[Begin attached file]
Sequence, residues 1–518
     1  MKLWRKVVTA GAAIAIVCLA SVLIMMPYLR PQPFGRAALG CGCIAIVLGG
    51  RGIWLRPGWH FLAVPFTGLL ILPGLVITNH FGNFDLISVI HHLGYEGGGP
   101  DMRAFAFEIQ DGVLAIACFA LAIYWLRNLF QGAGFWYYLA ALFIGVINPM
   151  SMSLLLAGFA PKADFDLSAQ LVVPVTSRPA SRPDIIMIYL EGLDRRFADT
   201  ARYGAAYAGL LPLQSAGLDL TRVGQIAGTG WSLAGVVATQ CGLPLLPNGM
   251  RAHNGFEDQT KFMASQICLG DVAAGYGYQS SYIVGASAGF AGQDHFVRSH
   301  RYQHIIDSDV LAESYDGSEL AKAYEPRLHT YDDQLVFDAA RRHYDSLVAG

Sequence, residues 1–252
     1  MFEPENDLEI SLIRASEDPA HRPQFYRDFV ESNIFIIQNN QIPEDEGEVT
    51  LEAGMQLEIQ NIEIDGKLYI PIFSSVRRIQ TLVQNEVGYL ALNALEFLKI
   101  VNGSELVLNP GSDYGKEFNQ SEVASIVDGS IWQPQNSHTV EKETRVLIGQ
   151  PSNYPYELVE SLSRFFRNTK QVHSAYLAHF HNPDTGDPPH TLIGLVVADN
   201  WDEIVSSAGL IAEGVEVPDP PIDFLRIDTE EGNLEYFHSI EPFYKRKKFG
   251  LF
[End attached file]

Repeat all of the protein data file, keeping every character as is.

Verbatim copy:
Sequence, residues 1–518
     1  MKLWRKVVTA GAAIAIVCLA SVLIMMPYLR PQPFGRAALG CGCIAIVLGG
    51  RGIWLRPGWH FLAVPFTGLL ILPGLVITNH FGNFDLISVI HHLGYEGGGP
   101  DMRAFAFEIQ DGVLAIACFA LAIYWLRNLF QGAGFWYYLA ALFIGVINPM
   151  SMSLLLAGFA PKADFDLSAQ LVVPVTSRPA SRPDIIMIYL EGLDRRFADT
   201  ARYGAAYAGL LPLQSAGLDL TRVGQIAGTG WSLAGVVATQ CGLPLLPNGM
   251  RAHNGFEDQT KFMASQICLG DVAAGYGYQS SYIVGASAGF AGQDHFVRSH
   301  RYQHIIDSDV LAESYDGSEL AKAYEPRLHT YDDQLVFDAA RRHYDSLVAG

Sequence, residues 1–252
     1  MFEPENDLEI SLIRASEDPA HRPQFYRDFV ESNIFIIQNN QIPEDEGEVT
    51  LEAGMQLEIQ NIEIDGKLYI PIFSSVRRIQ TLVQNEVGYL ALNALEFLKI
   101  VNGSELVLNP GSDYGKEFNQ SEVASIVDGS IWQPQNSHTV EKETRVLIGQ
   151  PSNYPYELVE SLSRFFRNTK QVHSAYLAHF HNPDTGDPPH TLIGLVVADN
   201  WDEIVSSAGL IAEGVEVPDP PIDFLRIDTE EGNLEYFHSI EPFYKRKKFG
   251  LF